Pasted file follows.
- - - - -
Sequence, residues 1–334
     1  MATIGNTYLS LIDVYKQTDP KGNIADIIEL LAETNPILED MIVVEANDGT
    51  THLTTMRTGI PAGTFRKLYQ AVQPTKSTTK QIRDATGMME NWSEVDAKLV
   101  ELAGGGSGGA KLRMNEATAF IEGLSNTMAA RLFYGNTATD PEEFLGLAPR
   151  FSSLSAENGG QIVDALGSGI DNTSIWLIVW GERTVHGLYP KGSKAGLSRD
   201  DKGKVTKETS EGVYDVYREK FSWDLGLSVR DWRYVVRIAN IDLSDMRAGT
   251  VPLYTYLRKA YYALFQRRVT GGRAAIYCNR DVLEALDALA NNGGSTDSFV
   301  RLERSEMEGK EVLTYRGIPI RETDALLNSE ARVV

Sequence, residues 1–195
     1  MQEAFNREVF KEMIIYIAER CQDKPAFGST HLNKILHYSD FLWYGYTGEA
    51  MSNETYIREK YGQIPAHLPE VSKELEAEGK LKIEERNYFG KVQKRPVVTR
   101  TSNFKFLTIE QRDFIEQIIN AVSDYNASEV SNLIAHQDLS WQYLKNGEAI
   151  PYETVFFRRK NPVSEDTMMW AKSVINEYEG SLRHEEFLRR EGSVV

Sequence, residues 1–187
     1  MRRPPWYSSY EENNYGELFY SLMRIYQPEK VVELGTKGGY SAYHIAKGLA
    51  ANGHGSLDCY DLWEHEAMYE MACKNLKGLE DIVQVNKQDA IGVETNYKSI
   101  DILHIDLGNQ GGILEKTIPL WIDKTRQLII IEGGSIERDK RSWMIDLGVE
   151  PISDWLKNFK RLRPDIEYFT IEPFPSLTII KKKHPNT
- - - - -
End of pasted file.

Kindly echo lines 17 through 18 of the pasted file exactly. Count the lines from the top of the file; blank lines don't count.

   101  DILHIDLGNQ GGILEKTIPL WIDKTRQLII IEGGSIERDK RSWMIDLGVE
   151  PISDWLKNFK RLRPDIEYFT IEPFPSLTII KKKHPNT